Big Bad WolvesReviewed By Jay Seaver
Posted 07/27/13 11:30:48
SCREENED AT THE 2013 FANTASIA INTERNATIONAL FILM FESTIVAL: Even if Aharon Keshales and Navot Papushado were just one filmmaking team out of many people making this sort of movie in Israel, "Big Bad Wolves" would be a pretty terrific movie, a step up from their already impressive "Rabies". But they're not; this kind of movie doesn't show up homegrown on Israeli screens much at all, and maybe that's why they seem like such a clear and unique voice, and their movies events not to miss.The story itself doesn't seem like much new: A little girl goes missing during a game of hide-and-seek, only to be found horrifically mutilated. The police have soon pinned their hopes on a suspect - mild-mannered schoolteacher Dror (Rotem Keinan) - but when they are caught trying to beat a confession out of him, the case is assigned to by-the-book detective Rami (Menashe Noy) while instigator Mickey (Lior Ashkenzai) is reassigned to traffic. Well, technically; their boss Zvika (Dvir Benedek) has suggested he do everything possible off-the-books to solve the case. Unbeknownst to him, the victim's father Gidin'ka (Tzahi Grad) is also looking to get answers out of Dror.
The first parts of Big Bad Wolves crackle and move: The opening credits seem to tell a nifty, stylized story on their own before ending on the cliffhanger that gets the rest of the story going, and what comes after doesn't sell out the high expectations it creates. Keshales & Papushado create a set of pointed scenes that aren't rushed through individually but tell their portions of the story with no waste. Unimportant bits are skipped so that each major event leads directly to the next, but also sneakily fine-tuning how that second half is going to play.
That's when you get a few characters in the same room in a scenario that's more endurance test than battle of wits, albeit one of the most darkly funny you'll witness. Strange thing to say for what is effectively an extended torture scene, but there is a touch of the absurd in every event that pushes the next bit of brutality off even as it allows for the possibility of tables being turned. It's not quite the absolute edge-of-your-seat suspense that it might be played as, but things inch forward, and it gives the actors involved a chance to show what rests underneath the surface of generally law-abiding citizens.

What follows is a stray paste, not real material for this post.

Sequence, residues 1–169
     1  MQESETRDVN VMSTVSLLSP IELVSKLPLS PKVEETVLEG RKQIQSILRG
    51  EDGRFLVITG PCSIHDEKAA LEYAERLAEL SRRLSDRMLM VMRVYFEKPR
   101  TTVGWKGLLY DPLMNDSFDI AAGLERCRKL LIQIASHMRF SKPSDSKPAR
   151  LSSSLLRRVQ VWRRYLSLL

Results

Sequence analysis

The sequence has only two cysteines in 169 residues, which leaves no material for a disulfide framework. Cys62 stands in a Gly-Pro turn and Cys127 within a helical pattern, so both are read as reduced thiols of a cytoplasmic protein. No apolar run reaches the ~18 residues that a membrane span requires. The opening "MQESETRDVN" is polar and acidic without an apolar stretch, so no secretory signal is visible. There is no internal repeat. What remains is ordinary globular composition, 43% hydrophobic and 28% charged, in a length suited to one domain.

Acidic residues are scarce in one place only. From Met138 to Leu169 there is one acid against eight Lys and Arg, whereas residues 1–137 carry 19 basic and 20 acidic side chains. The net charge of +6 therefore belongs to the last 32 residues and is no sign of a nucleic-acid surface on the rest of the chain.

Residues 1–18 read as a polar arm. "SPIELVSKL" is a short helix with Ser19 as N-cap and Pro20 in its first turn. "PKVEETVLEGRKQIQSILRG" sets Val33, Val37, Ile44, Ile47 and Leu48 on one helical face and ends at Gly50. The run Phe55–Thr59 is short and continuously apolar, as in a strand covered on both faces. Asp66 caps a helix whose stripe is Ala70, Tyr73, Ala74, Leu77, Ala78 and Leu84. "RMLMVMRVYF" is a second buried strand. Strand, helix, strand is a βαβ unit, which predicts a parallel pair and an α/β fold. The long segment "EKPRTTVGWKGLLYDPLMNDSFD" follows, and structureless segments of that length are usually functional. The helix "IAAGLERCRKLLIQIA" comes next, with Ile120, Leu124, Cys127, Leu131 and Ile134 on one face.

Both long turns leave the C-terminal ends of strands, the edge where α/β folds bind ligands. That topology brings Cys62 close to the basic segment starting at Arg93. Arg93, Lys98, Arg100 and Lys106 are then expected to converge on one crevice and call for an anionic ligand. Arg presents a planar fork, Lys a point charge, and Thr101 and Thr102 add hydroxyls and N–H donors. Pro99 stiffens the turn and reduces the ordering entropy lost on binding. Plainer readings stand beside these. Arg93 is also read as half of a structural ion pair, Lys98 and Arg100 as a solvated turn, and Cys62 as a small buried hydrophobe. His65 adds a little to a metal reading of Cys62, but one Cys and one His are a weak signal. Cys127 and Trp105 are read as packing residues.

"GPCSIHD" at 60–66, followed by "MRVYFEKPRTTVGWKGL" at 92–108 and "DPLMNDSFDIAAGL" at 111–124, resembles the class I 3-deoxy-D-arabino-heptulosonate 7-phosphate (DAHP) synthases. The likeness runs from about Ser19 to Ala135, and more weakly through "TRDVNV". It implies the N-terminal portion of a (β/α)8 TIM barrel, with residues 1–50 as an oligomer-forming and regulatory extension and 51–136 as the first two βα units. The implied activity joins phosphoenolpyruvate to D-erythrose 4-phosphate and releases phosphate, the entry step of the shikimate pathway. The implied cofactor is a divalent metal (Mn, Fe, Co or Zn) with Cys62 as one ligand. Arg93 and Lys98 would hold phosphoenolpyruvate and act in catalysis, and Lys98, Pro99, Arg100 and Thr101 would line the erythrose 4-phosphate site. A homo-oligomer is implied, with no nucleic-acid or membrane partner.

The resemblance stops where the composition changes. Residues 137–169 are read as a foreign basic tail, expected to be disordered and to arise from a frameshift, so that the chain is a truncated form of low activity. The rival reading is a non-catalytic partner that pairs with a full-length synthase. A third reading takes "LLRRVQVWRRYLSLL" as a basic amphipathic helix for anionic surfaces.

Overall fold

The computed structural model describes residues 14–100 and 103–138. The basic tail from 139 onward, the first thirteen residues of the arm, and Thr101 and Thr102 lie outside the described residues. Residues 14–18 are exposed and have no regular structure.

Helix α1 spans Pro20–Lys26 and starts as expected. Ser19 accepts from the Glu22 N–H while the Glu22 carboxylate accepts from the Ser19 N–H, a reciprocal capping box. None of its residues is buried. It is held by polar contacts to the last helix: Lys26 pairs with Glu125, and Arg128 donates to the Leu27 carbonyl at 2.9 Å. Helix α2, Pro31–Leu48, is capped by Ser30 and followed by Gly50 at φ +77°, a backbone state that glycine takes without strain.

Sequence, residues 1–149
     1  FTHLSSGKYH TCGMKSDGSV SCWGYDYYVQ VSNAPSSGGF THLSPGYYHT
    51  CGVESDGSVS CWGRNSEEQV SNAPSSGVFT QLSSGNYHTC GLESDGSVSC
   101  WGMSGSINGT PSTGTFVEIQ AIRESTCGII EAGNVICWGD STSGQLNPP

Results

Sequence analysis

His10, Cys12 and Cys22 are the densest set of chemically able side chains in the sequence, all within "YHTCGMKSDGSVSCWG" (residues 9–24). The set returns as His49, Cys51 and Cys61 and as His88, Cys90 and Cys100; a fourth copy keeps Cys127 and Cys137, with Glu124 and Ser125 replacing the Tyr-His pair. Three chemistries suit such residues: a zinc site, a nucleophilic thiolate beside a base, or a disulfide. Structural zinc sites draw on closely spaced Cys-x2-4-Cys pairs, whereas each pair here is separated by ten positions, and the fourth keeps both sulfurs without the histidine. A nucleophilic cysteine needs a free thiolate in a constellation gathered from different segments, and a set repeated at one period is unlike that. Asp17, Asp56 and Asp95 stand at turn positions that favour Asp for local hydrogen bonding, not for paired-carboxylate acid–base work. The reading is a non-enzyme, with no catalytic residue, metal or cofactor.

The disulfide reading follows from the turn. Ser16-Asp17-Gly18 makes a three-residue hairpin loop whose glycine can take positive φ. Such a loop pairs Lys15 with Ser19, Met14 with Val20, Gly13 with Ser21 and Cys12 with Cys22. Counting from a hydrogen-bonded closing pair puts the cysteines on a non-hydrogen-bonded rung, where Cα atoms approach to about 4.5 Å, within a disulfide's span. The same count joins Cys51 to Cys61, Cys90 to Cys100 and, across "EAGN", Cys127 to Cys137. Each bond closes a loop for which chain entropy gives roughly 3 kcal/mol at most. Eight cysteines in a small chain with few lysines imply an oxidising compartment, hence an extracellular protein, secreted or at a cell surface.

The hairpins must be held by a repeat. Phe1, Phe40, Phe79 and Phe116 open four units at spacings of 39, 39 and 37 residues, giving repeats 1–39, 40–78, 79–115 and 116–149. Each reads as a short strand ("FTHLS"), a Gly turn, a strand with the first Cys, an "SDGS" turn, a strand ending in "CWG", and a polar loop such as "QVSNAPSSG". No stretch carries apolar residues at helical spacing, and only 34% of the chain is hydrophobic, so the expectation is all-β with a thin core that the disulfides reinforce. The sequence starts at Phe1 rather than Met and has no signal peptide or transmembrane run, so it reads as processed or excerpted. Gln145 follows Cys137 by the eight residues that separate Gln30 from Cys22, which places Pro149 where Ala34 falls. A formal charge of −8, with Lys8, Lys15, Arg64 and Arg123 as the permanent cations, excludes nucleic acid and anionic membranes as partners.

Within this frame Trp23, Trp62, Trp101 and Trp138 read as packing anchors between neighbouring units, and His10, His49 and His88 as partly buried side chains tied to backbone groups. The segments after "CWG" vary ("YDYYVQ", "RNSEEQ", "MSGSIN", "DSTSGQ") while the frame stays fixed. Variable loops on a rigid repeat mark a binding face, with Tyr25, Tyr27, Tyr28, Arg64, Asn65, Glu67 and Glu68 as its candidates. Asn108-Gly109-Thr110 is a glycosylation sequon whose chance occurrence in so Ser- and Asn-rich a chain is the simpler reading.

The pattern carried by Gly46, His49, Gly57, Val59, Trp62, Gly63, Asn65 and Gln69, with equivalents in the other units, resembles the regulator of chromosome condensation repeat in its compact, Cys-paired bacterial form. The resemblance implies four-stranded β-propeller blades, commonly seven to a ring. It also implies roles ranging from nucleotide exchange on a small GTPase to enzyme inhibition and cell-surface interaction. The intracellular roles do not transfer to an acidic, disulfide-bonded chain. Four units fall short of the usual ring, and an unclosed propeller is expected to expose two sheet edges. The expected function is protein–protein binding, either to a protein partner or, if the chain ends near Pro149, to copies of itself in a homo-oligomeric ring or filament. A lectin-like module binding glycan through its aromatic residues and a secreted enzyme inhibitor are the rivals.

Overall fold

The cast is top-notch, with several of Israel's most popular actors apparently jumping at the chance to play against type in a movie like this. Rotem Keinan is especially great as Dror, showing how every accusation chips away at him without a lot of easy wailing, while Tzahi Grad is a wholly different kind of force on screen - Gidi is imposing, powerful, and ruthless enough that it's easy enough to believe that he's being introduced for some other purpose altogether, but there is a twisted pain underneath. Doval'e Glickman is a late-movie surprise as his father; the Jewish father stereotypes aren't quite as well-played as those of the mother, but Glickman does wonderful things with them, especially when he turns out to have a few surprises of his own. Lior Ashkenzai does great things with the rule-breaking cop who finds himself in a quite different position.
How things all tie together doesn't rewrite the genre, but it's easy to admire the way Papushado & Keshales use the same details for both thematic strength and plot twists. They surprise with fake-outs and horrors without ever seeming to pull anything out of nowhere, and finish things up in what seems like the only honest way they can. The pacing is excellent, and the bits of black comedy yield big laughs without hurting the thriller aspects at all."Big Bad Wolves" may only be this team's second film, but few will doubt that they're directors to watch: They've made something that's got some weight but which is also hugely entertaining, and I can't wait to see what they're going to do next.
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